Tuesday 17th May 2016

If you are facing chemotherapy, one of the things you may need to be aware of is the emotional impact. Every time you go for treatment there are a load of things that can be playing on your mind. Simply attending a hospital for treatment can be a stressful thing for many people. Hospitals can just be a place of doom and fear for many people whether they’re being treated for cancer or a cold.

There’s also the dread of getting updates on your condition. There’s always a fear of what you might get told, and whether or not there is any kind of news, you are about to be pumped full of chemicals with some potentially nasty, longer term side effects.

Today was my second round of chemo and was an abject lesson in getting on top of my emotions and taking control of my appointment days. My first lesson is that when you have enough people wanting to help you have to be the one that coordinates them. There was some confusion over who was driving me to and from my appointment but I quickly just made a decision and asked my dad to do it.

The other thing I learned is not to be a ‘rabbit caught in headlights’ when I go for my chemo. I have to be honest and say that I am in a state of dread when I turn up at the Beatson. I’m always waiting for worse news, such as hearing that my PSA has rocketed or that I am already showing resistance to the ADT drugs. As well as being on edge I am trying to take in everything that has been said to me and absorb it fully so if things aren’t spelled out I get a little…confused.

Problems started when my doctor spotted that my chemo appeared to be scheduled for next day, rather than that same day as was expected. In order to find out what was going on she tried to call the Macmillan Day Care Unit, where I was to receive my chemo but there was no reply. After a couple of attempts I decided to take the pressure off of her and told her that I had another appointment about 11am and that I’d just come back and check at reception whether my chemo was today or not.

She gave me a slip to arrange my next appointment with her and told me that I’d need to get my usual batch of medication so I asked her if it was just the same as last time – just a case of heading down to the pharmacy and picking these up. She nodded and I then went on my way.

This is where it becomes too confusing and embarrassing to go into. All I will say is that it is a good idea to have the procedure for your day written down and 100% crystal clear.

I’ve learned that my procedure is this:

  • Visit my doctor in the morning. Don’t rush myself and take time to ask whatever questions I may have and to ensure that I have understood them rather than feeling that I am taking up too much of the doctor’s time.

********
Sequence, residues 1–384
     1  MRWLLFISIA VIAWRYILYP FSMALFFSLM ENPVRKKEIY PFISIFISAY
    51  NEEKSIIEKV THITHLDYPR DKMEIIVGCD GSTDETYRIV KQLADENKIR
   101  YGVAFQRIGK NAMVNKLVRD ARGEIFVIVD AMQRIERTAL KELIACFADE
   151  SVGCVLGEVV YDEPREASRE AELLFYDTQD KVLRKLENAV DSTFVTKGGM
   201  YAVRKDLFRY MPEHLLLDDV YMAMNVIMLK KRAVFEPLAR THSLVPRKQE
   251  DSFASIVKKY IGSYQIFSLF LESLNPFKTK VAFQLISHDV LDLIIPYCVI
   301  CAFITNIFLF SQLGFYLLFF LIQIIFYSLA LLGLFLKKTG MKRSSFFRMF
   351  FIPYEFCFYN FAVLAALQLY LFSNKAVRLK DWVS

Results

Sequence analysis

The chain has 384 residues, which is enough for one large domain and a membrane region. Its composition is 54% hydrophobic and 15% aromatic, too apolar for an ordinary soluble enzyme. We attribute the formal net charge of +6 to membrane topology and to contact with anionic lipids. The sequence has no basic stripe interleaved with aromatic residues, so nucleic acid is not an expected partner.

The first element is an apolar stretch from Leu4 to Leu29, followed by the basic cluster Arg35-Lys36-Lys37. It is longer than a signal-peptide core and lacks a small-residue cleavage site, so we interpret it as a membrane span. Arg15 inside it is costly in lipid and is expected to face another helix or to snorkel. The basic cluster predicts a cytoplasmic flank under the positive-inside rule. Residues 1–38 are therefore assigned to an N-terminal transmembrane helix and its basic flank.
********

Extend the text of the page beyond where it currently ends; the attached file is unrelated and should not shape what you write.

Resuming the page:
• When she is finished she will give me a slip to take to reception to make another appointment prior to my next round of chemo. When I’ve done this then wait to attend my current chemo appointment.
  • Go for chemo and if nurse asks if I have all appointments say yes, and if they ask if I have my next batch of medication say no.

As you will gather it didn’t go that way and the day was a bit of a comedy of errors.

The confusion developed when I returned from an appointment with Macmillan Cancer Care Benefits Team to find out if my chemo appointment was indeed for that day and I was disappointed to find out that it had been scheduled for 10am the following day.

Not having had chemo I opted to make my own way home by public transport rather than disturb anyone else to come and pick me up. It took me about 90 minutes to get home and I was barely in my front door when the phone rang. It was a call from a nurse at the chemo ward saying that my docataxel, etc. was ready and they were waiting for me. Exasperated, I explained what had happened and asked if it would be okay if I was back there in the next hour and she said that would be no problem.

I immediately called my dad who came down to pick me up and got me back there within 40 minutes. When they took me into the chemo ward there was one other person there. I chatted with him as they set me up and I even discussed my ‘research’ with the nurse who was attending to me and found that he was quite open to much of what I was saying.

I think my brain was spinning a bit from it all and when the nurse asked me if I had my appointments and drugs I suffered a sudden burst of short term amnesia and caused further confusion. I have to admit that my brain was totally fried. Alison had given me grief over the confusion about the appointments. As well as that I wasn’t fully used to a routine with this and on top of it all my state of mind was affecting my ability to think clearly.

The day was rounded off with an almighty argument between me and Alison over something so stupid I can’t even remember what it was now. When I told her to leave me alone as I had a rough day she challenged that assertion and I finished the argument with the words “You go for fucking chemo then!” before storming off to go and sleep on the couch.


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